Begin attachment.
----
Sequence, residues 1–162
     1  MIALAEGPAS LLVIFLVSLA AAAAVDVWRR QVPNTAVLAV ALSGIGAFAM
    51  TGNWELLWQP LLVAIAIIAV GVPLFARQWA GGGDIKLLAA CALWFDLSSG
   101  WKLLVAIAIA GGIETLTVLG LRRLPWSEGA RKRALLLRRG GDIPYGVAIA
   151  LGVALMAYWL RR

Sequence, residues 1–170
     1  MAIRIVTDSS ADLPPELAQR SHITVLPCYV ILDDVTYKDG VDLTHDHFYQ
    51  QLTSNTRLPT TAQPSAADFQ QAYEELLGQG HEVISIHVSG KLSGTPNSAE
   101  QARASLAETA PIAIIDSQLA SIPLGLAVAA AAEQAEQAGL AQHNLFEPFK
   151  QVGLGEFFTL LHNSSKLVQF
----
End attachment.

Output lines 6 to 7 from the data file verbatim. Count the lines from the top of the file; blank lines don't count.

Sequence, residues 1–170
     1  MAIRIVTDSS ADLPPELAQR SHITVLPCYV ILDDVTYKDG VDLTHDHFYQ